6. March 10, 2011
    Peter Cranstone said...

    Hi James,

    Interesting comment “Responsive to human context (in all its possible forms) and not just the temporary challenge of smaller numbers of pixels.”

    The problem is how do you enable the web to “know real time context”. We’ve been working on that problem for 5 years and came up with a solution. You can now know in real time the context of the user, the device and their location.

    We even adapted it to solve the “you can’t measure real time HTTP traffic inside the mobile browser” problem.

    The future of the web is contextual. To deliver on the anytime, anywhere, any screen promise the web must know Who I am, What device I’m using and Where I am (whilst preserving my privacy).

    Cheers,

    Peter
    5o9 Inc.

  7. June 12, 2011
    Shenita Rannels said...

    Just doing googling about mobile, and i found this great article

  8. June 21, 2011
    tv online said...

    Have you already setup a fan page on Facebook ?

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  10. August 26, 2011

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  11. September 13, 2011
    Bert said...

    Everyone loves your web blog! Have you got a facebook or myspace page? I’d like to meet up and talk about a few things. Appreciate all of your work.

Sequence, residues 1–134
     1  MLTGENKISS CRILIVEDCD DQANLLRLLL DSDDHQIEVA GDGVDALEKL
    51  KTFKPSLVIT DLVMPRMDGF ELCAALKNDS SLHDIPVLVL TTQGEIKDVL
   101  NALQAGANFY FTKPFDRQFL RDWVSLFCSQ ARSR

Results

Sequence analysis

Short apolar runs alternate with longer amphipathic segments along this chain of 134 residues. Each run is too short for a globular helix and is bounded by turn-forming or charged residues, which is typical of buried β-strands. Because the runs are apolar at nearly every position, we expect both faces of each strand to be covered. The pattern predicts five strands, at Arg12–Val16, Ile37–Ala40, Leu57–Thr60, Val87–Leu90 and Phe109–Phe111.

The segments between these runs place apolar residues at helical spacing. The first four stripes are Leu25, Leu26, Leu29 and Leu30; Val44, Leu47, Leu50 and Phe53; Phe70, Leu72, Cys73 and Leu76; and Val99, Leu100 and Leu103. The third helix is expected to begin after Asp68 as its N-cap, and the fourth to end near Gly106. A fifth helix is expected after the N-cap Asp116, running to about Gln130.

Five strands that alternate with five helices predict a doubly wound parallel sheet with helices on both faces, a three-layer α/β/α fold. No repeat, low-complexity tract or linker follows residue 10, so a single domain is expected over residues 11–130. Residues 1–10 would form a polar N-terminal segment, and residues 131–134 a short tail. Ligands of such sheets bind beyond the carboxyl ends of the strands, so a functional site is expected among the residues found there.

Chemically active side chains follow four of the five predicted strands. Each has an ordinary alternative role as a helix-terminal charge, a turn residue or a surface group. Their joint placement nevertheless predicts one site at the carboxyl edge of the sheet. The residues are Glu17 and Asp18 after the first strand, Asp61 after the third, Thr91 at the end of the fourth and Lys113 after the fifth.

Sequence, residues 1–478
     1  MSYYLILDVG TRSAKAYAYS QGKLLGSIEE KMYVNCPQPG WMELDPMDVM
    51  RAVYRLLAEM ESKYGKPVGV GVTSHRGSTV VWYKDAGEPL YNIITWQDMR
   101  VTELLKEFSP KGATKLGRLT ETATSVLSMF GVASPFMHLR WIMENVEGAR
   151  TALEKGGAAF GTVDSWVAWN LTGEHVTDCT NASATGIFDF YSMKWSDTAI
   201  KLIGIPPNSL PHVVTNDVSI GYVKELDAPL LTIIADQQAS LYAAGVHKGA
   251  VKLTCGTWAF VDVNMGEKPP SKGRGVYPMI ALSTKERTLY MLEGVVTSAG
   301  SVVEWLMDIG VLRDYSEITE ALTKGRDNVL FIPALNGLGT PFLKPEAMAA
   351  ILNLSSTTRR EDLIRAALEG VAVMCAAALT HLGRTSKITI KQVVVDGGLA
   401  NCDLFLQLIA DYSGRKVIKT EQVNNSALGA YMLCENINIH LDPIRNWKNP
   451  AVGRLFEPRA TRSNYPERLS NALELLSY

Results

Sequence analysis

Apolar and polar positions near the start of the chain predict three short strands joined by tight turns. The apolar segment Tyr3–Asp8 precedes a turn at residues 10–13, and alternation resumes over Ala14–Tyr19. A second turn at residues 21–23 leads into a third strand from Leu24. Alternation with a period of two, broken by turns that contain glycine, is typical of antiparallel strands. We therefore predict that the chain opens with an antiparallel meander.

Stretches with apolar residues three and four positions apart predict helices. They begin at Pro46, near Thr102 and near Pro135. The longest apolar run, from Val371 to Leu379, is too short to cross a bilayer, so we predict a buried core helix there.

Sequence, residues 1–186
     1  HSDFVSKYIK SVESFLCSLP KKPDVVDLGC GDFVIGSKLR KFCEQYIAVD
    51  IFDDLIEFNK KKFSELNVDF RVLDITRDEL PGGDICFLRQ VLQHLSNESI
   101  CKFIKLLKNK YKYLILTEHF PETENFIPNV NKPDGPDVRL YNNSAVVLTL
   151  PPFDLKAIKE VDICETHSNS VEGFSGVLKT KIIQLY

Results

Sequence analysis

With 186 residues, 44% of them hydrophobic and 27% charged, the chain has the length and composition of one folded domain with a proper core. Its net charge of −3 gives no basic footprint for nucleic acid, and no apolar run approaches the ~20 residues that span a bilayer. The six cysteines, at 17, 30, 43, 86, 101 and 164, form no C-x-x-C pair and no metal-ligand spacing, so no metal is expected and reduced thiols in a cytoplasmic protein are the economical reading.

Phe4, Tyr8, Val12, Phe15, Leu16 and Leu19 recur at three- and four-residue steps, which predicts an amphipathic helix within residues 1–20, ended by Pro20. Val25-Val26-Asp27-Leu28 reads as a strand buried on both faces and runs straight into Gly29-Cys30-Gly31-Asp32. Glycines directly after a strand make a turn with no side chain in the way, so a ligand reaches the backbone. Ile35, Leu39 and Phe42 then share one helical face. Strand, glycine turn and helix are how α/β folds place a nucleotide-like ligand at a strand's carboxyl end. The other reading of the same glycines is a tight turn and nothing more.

12. October 4, 2011
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  13. December 20, 2011
    Dee said...

    Hey, this is an interesting article. I am not much of a techie but I find this an interesting read.

  14. January 27, 2012
    Alex said...

    Hi James, just wondered what your thoughts were in relation to the need to optimise for mobile browsers?

    I run PlayVille.org and am looking to have a series of HTML5 content created to accommodate for devices that do not have flash, but is it worth it in your eyes?

  15. February 6, 2012
    Curtis Leaver said...

    Thanks for taking the time to discuss this, I feel strongly about this and love learning more on this topic. If at all possible, while you gain expertise, can you mind updating your site with increased information? It is very ideal for me.

  16. February 17, 2012
    kelly said...

    In a world driven by social discovery & search, end users can’t be expected to pick and choose between URLs. They’ll just click whatever’s presented to them by Twitter, Google or Facebook. If the website is context-aware enough to redirect them to a mobile experience on a mobile URL, that’s pretty good. But if you’ve implemented the redirect, why not have the right logic & styles to serve mobile functionality on that very first link?

  17. March 13, 2012
    Griffey Shoes said...

    I am not much of a techie but I find this an interesting read.

  18. March 29, 2012
    Online Games said...

    Hello. Are you an expert blogger?

  19. July 18, 2012

    Wow, amazing blog layout! How long have you been blogging for? you made blogging look easy. The overall look of your website is magnificent, let alone the content!

  20. February 22, 2013

    There are some attention-grabbing closing dates on this article however I don’t know if I see all of them middle to heart. There may be some validity however I’ll take maintain opinion until I look into it further. Good article , thanks and we would like more! Added to FeedBurner as nicely

  21. May 21, 2013
    himanshu said...

    That’s the piece of information, i agree with Peter trying to say that the future of the web is contextual.